In mammals, it’s a question of testicles, ovaries and the hormones they produce. Embryos live in sexual limbo until the sex organs (gonads) start to develop. This all depends on a sexual dictator called SRY, a gene found on the Y chromosome. If it’s present, the indifferent gonads go down a male route; if not, they take a female one. The sex organs then secrete a flush of hormones that trigger changes in the rest of the body. The sex chromosomes are only relevant in the cells of the gonads.
But the gynandomorphs show that something very different happens in birds. Birds have Z and W chromosomes; males are ZZ and females are ZW. Zhao and McBride used glow-in-the-dark molecules that stick to the two chromosomes to show that the gynandromorphs do indeed have a mix of ZZ and ZW cells. However, they aren’t split neatly down the middle. Their entire bodies are suffused with a mix of both types, although the male half has more ZZ cells and the female half has more ZW ones.
Even though the three chickens were both male and female, one of them only had a testicle on one side, the second only had an ovary on one side, and the third had a strange hybrid organ that was part testis and part ovary. These malformed organs pumped the same soup of hormones throughout the birds’ bodies but, clearly, each side responded differently.
Zhao and McBride started to suspect that each cell has its very own sexual identity, and that this individuality exists from the chicken’s first days of embryonic life. They proved that by transplanting cells from embryonic sex organs from one animal to another. All the transplants produced a glowing green protein so Zhao and McBride could track their whereabouts, and those of their daughters.
Normally, the duck keeps its penis inside-out within a sac in its body. When the time for mating arrives, the penis explodes outwards to a fully-erect 20cm, around a quarter of the animal’s total body length. The whole process takes just a third of a second and Brennan captures it all on high-speed camera. This isn’t just bizarre voyeurism. Duck penises are a wonderful example of the strange things that happen when sexual conflict shapes the evolution of animal bodies.
Childhood… violated… Innocence… lost… SCIENCE!Many ducks form bonds between males and females that last for a whole mating season. But rival males often violently force themselves onto females. To gain the edge in these conflicts, drakes have evolved large corkscrew phalluses, lined with ridges and backward-pointing spines, which allow them to deposit their sperm further into a female than their rivals. These extreme penises are even more unusual when you consider that 97% of bird species lack any penises whatsoever.
But female ducks have developed countermeasures. Their vaginas are equally long and twisting, lined with dead-end pockets and spirals that curve in the opposite direction. They are organic chastity belts, evolved to limit the effectiveness of the males’ lengthy genitals. Two years ago, Brennan showed that duck species whose males have the longest penises tend to have females with the most elaborate vaginas. Now, she has found further evidence that these complex genitals are the result of a long-lasting war of the sexes.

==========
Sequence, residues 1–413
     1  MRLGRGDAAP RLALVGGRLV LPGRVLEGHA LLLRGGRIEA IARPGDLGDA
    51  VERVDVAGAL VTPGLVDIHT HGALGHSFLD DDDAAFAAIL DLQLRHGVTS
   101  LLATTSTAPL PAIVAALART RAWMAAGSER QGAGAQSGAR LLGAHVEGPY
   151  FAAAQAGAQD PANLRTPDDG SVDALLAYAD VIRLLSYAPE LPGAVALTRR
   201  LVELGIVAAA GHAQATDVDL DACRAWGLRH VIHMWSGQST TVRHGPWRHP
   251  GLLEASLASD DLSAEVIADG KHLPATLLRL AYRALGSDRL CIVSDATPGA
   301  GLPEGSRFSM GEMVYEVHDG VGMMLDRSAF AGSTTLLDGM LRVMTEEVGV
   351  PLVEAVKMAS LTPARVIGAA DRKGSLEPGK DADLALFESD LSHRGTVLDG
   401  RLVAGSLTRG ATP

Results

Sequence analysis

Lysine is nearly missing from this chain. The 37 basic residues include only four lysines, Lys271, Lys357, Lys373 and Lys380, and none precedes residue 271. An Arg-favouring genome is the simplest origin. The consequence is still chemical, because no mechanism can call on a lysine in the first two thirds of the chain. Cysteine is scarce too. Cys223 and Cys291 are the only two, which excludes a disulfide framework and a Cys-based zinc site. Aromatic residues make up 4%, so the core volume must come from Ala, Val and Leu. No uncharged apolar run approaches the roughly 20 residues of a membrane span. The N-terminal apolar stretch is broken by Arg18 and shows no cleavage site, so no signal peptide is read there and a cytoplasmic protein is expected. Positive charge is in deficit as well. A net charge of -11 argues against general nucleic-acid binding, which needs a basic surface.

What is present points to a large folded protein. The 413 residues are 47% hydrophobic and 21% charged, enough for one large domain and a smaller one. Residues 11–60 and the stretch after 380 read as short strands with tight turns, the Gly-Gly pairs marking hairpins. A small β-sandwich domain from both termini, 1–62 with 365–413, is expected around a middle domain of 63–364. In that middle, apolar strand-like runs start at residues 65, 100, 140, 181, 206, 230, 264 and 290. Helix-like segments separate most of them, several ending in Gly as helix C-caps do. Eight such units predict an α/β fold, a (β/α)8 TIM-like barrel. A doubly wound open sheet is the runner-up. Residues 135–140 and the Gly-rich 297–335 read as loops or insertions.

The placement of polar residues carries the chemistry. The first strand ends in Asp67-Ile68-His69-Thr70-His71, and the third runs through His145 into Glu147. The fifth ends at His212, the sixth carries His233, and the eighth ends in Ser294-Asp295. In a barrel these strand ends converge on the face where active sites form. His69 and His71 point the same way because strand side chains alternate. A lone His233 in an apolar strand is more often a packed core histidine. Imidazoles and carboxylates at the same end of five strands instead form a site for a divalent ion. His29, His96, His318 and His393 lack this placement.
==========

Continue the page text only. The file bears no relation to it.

By directing the evolution of a worm, scientists have confirmed answers to the age-old question: “What is the point of having sex with someone else?” For most people, that would hardly be a tricky query but it’s no reflection on the lives of evolutionary scientists that sex has been one of biology’s oldest puzzles.
The problem is this: many creatures can reproduce by fertilising themselves instead of getting someone else to do it, and at first glance they should do much better individuals that cross-fertilise. For a start, they’d ensure that all of their genes reach the next generation, while mating with another individual reproduction halves their genetic legacy. And without having to find males, self-fertilising females should be able to produce twice as many offspring. This is the “two-fold cost of males”.
And yet, cross-fertilisation is the more common strategy in the animal world, so it must have advantages that compensate for its cons. Scientists typically name two. The first is that by shuffling the genes of two parents, cross-fertilisation deals the next generation with a fresh genetic hand, better equipping it to rapidly adapt to changing environments, predators and parasites. The second is that having sex with someone else prevents harmful mutations from building up (the genetic defects that plague inbred families would be even worse in lineages that only ever have sex with themselves). They’re the same reasons why sex itself is usually a better long-term solution than asexual cloning.
The problem is that both of these explanations have proven very difficult to test. But that didn’t stop Levi Morran and colleagues from the University of Oregon, who demonstrated that both justifications are correct, by manipulating the evolution of the nematode worm Caenorhabditis elegans.
Like humans, C.elegans has two sexes but unlike us, they are males and hermaphrodites (with males making up just one in every two thousand individuals). Equipped with both sets of genitals, hermaphrodites worms can fertilise themselves without male help – far from being rude, telling C.elegans to go &$&! itself is a feasible lifestyle suggestion. Hermaphrodites could also mate with males, but they do that on less than one in 20 occasions.